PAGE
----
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Ancient plague genomes reveal the origins of the Black Death

Origin of the Black Death identified

View of the Tian Shan Mountains. By studying ancient plague genomes, researchers have traced the origins of the Black Death to Central Asia, close to Lake Issyk Kul, in what is now Kyrgyzstan. Credit: © Lyazzat Musralina

In 1347, the plague first entered the Mediterranean through merchant ships carrying goods from the area of ​​the Golden Horde in the Black Sea. The disease then spread across Europe, the Middle East and North Africa, claiming up to 60% of the population in a large-scale outbreak known as the Black Death. This first wave expanded further into a 500-year-long pandemic, the so-called Second Plague Pandemic, which lasted until the early 1800s.

The origin of the Second Plague Pandemic has long been debated. One of the most popular theories has supported its origins in East Asia, especially China. Rather, the only archaeological finds available so far come from Central Asia, close to Lake Issyk Kul, in what is now Kyrgyzstan. These findings show that an epidemic devastated a local trading community in the years 1338 and 1339. Specifically, excavations that took place nearly 140 years ago revealed tombstones that indicated individuals died in those years of an unknown epidemic or “pestilence.” Since their initial discovery, the Syriac-language tombstones have been a cornerstone of controversy among scientists over their relevance to Europe’s Black Death.

In their study published in Nature, an international team of researchers analyzed ancient DNA from human remains, as well as historical and archaeological records from two sites found to contain “pestilence” inscriptions. The team’s early results were very encouraging, as DNA from the plague bacterium, Yersinia pestis, was identified in individuals with the year 1338 on their tombstones. “We were finally able to show that the epidemic mentioned on the headstones was indeed caused by the plague,” said Phil Slavin, one of the lead authors of the study and historian at the University of Sterling, UK.

Origin of the Black Death identified

Excavation of the Kara-Djigach site, in Kyrgyzstan’s Chu Valley in the foothills of the Tian Shan Mountains. This excavation was conducted between 1885 and 1892. Credit: © AS Leybin, August 1886

Researchers find the source strain of Black Death

But could this be the origin of the Black Death? Researchers have previously linked the initiation of the Black Death to a massive diversification of plague species, a so-called Big Bang event of plague diversity. But the exact date of this event could not be precisely estimated and it was thought to have occurred sometime between the 10th and 14th centuries.

The team has now put together entire old plague genomes from the locations in Kyrgyzstan and explored how they might relate to this Big Bang event. “We found that the ancient species from Kyrgyzstan are positioned right at the nexus of this massive diversification event. In other words, we have found the source of the Black Death and we even know the exact date [meaning the year 1338]”, says Maria Spyrou, lead author and researcher at the University of Tübingen.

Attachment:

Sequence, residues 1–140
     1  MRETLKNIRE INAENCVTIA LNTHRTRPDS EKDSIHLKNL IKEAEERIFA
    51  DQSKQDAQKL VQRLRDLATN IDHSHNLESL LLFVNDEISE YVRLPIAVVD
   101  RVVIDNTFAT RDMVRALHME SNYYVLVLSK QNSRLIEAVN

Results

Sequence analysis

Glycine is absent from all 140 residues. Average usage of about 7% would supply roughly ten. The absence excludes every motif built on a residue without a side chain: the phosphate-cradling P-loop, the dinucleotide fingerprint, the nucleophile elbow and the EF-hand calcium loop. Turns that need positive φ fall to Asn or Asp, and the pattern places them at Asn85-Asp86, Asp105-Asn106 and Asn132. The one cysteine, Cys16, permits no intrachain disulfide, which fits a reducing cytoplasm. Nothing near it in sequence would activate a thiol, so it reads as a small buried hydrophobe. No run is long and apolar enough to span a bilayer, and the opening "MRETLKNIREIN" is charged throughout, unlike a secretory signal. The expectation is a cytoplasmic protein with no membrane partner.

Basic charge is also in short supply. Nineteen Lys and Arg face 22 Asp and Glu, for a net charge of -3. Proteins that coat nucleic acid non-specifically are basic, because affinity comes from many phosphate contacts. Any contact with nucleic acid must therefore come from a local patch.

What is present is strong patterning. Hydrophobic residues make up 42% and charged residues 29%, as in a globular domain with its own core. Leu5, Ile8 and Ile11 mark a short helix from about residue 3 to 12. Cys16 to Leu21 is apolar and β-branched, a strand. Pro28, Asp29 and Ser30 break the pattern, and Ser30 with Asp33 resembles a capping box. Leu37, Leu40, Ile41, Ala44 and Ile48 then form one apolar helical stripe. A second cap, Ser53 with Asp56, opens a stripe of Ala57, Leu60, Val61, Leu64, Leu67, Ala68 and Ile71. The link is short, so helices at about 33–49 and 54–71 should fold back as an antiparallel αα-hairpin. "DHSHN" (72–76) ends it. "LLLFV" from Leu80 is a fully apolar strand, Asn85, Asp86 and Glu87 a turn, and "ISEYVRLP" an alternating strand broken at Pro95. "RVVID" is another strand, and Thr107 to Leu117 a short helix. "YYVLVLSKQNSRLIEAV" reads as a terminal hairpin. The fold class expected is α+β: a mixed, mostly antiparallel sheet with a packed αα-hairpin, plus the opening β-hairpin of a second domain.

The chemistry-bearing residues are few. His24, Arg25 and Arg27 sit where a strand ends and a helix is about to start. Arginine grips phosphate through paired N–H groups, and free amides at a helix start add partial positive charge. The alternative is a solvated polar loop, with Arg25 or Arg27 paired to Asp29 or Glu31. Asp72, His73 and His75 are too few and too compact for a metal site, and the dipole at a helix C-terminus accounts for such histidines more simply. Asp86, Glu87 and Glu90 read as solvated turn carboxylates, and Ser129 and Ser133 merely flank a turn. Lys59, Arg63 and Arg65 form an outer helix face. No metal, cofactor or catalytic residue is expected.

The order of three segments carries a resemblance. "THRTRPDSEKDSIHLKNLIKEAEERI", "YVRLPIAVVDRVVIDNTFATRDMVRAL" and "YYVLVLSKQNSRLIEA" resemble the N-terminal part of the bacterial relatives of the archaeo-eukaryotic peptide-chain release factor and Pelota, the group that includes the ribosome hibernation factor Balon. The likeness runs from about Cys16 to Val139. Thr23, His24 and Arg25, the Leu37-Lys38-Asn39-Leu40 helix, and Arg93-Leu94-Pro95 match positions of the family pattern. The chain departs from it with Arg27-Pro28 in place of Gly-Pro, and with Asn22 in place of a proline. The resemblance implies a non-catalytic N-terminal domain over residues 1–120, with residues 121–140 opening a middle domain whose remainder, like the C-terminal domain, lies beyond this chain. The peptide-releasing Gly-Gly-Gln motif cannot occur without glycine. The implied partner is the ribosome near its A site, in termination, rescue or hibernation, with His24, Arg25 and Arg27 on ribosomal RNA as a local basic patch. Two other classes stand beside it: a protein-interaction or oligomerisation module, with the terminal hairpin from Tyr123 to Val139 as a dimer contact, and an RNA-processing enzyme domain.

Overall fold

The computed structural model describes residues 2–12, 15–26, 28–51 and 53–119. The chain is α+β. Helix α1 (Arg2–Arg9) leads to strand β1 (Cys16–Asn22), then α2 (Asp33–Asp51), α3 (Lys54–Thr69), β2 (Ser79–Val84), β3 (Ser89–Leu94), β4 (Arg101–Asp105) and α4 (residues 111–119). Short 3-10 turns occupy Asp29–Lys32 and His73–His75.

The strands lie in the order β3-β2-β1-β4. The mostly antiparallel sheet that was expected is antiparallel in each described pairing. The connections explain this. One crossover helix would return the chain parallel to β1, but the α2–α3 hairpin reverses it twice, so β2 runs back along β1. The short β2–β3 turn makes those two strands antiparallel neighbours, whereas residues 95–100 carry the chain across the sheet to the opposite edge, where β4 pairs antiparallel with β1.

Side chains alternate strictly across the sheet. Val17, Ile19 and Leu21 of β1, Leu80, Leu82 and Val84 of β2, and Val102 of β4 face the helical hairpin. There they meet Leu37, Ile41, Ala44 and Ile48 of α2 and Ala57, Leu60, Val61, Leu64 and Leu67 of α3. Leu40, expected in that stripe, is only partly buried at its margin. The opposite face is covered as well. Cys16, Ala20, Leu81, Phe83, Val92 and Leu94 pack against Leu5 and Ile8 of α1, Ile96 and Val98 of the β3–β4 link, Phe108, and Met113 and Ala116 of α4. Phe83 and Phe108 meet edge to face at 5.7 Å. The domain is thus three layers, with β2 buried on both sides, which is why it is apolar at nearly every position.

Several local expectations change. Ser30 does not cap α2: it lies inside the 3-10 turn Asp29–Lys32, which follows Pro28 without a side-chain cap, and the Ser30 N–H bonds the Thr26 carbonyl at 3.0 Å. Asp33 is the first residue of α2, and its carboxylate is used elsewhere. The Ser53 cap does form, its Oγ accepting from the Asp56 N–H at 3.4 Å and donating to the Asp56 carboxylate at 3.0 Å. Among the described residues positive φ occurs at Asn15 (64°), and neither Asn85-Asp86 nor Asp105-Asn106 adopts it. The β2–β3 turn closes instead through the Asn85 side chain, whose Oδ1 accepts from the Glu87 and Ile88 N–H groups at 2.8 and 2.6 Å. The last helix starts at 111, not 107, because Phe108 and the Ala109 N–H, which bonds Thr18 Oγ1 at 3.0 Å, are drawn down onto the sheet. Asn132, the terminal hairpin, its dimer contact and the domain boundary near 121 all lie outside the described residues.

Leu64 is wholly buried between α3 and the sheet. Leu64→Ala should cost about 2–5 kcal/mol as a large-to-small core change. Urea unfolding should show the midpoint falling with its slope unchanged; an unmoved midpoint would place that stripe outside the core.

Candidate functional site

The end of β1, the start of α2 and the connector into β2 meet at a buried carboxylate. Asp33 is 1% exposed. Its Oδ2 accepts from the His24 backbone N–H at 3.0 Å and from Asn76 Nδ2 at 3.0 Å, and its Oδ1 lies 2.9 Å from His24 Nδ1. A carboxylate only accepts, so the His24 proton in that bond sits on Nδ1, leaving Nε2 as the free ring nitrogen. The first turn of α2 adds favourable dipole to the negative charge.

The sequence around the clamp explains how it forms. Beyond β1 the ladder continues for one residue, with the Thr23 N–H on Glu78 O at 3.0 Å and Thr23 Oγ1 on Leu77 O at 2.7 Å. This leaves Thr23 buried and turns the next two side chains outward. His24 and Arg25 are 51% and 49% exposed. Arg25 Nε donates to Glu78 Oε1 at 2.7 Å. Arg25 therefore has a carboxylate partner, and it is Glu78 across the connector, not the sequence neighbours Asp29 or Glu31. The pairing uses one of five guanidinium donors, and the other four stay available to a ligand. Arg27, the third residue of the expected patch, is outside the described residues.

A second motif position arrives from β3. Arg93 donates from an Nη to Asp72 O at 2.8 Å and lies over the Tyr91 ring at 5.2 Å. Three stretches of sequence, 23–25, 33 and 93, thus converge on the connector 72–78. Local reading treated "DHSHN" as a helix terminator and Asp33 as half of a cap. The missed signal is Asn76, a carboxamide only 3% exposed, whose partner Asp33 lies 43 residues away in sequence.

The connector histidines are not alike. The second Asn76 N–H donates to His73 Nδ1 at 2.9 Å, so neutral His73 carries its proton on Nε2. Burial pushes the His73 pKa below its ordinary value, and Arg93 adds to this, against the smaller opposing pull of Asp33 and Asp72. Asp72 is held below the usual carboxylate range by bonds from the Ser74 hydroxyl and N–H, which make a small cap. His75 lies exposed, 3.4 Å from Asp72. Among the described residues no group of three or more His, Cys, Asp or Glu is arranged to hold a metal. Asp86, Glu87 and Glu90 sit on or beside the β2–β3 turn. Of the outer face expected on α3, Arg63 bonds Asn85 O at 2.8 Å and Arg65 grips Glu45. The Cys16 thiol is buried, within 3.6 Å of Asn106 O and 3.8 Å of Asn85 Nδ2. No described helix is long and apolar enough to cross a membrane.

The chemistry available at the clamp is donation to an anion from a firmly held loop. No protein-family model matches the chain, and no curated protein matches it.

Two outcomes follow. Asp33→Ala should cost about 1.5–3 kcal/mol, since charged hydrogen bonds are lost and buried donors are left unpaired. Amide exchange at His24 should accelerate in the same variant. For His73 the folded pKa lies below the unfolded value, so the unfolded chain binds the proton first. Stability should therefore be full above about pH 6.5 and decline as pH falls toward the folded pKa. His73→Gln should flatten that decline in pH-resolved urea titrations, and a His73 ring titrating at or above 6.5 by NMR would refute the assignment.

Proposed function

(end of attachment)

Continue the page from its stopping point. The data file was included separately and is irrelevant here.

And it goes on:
Origin of the Black Death identified

Plague inscription from the Chu Valley region of Kyrgyzstan. The inscription is translated as follows: “In the year 1649” [= 1338 CE]and it was the year of the tiger, in Turkish [language] “Bars”. This is the grave of the believer Sanmaq. [He] died of the plague”. Credit: © AS Leybin, August 1886

But where does this species come from? Did it evolve locally or spread from elsewhere in this region? Plague is not a disease of humans; the bacterium survives in wild rodent populations around the world, in so-called plague reservoirs. Hence, the ancient Central Asian tribe that caused the epidemic of 1338-1339 around Lake Issyk Kul must have emerged from such a reservoir.

“We found that modern species most closely related to the ancient species are today found in pest reservoirs around the Tian Shan Mountains, so very close to where the ancient species was found. This points to an origin of the Black Death ancestor.” in Central Asia,” explains Johannes Krause, senior author of the study and director of the Max Planck Institute for Evolutionary Anthropology.

The study shows how research into well-defined archaeological contexts and close collaborations between historians, archaeologists and geneticists can solve major mysteries of our past, such as the origin of the infamous Black Death, with unprecedented precision.


Ancient genomes provide insight into the genetic history of the second plague pandemic


More information:
Johannes Krause, The Source of the Black Death in 14th-Century Central Eurasia, Nature (2022). DOI: 10.1038/s41586-022-04800-3www.nature.com/articles/s41586-022-04800-3

Provided by Max Planck Society


Quote: Ancient plague genomes reveal the origin of the Black Death (2022, June 15) retrieved June 15, 2022 from https://phys.org/news/2022-06-ancient-plague-genomes-reveal-black.html

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